© Eric McCarthy/Journal Pioneer
Visitors to David and Carla MacDonald’s operation on Open Farm Day got to meet some young pigs.
Canada’s new minister of agriculture says the United States must fully repeal country of origin labelling on beef and pork or major trade retaliations will be implemented.
And expectations that the U.S. is on the verge of finally removing a cumbersome trade impediment will be a big win for P.E.I. beef producers and the Atlantic Beef plant in Borden-Carleton.
It will not only provide new markets for the Island plant, but could very well affect prices in a positive way.
“The bottom line is country of origin labelling (COOL) must be repealed or we will retaliate,’’ confirmed federal Agriculture Minister Lawrence MacAulay, who is also the MP for Cardigan.
“I’m very pleased to see steps are being taken towards this goal.”
Canada and Mexico have challenged country of origin labelling before the World Trade Organization (WTO) on four different occasions and have always won.
The WTO is preparing to authorize retaliation permission to Canada and Mexico by Friday.
Meanwhile, the United States drafted legislation to fully repeal the labelling with beef and pork included.
However, the final American decision heads to a vote before the House of Representatives and Senate later this week.
It is estimated that COOL in place since 2008 - has cost Canadian farmers $1 billion.
WTO authorization would allow Canada and Mexico to launch a billion dollar retaliation effort on more than 30 American goods from meat products to wine.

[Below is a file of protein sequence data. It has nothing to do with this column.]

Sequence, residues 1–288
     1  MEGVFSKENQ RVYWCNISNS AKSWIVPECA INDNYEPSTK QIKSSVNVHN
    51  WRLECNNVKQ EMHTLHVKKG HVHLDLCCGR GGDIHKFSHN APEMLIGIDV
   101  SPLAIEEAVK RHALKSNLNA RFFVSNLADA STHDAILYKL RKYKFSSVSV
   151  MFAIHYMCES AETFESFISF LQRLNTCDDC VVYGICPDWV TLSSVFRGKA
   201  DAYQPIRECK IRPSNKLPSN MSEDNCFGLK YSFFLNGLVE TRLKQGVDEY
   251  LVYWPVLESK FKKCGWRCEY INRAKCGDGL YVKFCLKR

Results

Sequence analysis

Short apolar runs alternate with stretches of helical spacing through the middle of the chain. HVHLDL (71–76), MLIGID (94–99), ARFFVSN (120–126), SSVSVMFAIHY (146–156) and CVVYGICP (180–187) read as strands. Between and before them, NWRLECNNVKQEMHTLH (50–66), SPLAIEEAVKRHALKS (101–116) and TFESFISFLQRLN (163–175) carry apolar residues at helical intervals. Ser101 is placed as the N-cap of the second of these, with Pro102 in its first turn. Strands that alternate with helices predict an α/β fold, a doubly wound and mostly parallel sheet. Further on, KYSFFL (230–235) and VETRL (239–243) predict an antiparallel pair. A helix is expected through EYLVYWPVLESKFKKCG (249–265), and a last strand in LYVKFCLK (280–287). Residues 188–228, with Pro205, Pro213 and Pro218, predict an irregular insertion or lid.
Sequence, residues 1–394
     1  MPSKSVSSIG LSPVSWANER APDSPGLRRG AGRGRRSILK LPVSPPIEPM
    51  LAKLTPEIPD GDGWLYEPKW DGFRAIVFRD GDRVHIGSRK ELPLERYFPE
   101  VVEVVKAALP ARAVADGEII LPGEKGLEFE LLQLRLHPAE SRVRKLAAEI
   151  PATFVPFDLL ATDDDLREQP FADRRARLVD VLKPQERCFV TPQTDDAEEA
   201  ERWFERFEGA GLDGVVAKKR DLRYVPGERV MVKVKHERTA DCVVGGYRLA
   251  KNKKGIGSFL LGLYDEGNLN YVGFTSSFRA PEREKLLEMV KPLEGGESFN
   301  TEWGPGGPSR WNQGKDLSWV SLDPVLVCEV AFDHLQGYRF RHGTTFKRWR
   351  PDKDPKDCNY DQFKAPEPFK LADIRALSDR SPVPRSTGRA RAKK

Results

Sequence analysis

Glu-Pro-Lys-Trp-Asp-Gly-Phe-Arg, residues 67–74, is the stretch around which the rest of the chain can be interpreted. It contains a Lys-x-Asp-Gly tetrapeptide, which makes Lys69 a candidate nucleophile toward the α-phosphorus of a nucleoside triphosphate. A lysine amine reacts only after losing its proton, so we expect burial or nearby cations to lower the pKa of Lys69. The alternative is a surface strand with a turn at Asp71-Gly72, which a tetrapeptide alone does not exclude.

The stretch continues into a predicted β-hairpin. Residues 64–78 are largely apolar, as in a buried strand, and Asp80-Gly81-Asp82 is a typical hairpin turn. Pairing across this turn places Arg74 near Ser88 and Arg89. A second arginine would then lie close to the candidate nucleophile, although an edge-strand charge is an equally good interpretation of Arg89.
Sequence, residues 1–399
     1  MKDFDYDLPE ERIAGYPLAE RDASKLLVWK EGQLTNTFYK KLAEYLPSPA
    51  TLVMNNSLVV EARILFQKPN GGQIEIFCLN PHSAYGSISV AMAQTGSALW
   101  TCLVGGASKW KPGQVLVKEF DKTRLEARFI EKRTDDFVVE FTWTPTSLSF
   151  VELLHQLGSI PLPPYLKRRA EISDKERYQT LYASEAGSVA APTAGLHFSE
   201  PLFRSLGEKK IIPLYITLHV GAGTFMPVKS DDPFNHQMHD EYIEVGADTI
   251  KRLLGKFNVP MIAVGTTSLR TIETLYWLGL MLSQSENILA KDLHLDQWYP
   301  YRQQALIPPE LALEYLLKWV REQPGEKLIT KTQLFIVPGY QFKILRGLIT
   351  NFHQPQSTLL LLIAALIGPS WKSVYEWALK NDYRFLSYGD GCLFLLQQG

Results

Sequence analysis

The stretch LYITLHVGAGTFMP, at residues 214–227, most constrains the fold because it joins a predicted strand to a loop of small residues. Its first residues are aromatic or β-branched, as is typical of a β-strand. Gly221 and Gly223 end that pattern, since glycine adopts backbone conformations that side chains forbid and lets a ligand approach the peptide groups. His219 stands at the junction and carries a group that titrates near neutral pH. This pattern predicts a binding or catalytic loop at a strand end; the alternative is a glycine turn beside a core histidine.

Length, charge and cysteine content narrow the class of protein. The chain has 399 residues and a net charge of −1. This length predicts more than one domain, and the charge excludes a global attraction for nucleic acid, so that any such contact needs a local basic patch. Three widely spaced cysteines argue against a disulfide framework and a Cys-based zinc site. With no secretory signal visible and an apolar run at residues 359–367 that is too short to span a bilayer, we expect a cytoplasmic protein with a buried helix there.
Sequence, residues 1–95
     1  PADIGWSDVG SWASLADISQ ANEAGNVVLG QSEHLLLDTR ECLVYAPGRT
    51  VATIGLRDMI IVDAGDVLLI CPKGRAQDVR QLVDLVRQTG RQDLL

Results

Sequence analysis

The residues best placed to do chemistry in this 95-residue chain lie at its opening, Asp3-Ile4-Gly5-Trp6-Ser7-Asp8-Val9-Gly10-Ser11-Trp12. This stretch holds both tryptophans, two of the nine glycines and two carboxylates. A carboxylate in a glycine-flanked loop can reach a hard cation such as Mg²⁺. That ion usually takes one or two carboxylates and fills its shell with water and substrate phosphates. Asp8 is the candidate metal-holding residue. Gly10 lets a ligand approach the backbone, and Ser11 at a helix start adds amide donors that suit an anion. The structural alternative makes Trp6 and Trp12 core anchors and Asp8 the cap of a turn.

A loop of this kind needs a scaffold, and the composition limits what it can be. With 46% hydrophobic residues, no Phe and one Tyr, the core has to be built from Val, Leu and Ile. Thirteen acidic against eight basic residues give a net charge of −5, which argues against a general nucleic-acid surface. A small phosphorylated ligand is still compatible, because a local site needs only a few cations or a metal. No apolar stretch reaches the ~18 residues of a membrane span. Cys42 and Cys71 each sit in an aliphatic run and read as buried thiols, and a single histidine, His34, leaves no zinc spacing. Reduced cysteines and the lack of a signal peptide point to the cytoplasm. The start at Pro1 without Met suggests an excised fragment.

MacAulay said COOL discriminates against Canadian farmers and noted that many allies in the U.S. also want the trade impediment repealed.
The trade restriction was argued by the U.S. as a way to help consumers make better food choices.
“COOL disrupts the highly integrated North American supply chain,’’ he said. “And I am cautiously optimistic that trade on beef and pork will be restored.”
P.E.I. Federation of Agriculture executive director Robert Godfrey said if approved, the repeal of COOL is a big win for Island producers who access the American market.
“The beef market has always been north/south and south/north and COOL has been nothing but a hindrance and a protectionist way of keeping our product out,’’ he said. “P.E.I. is a big player in the U.S. market.”
Godfrey said Island beef producers and the P.E.I. beef plant will have excellent opportunities to ship at more competitive rates once COOL is gone.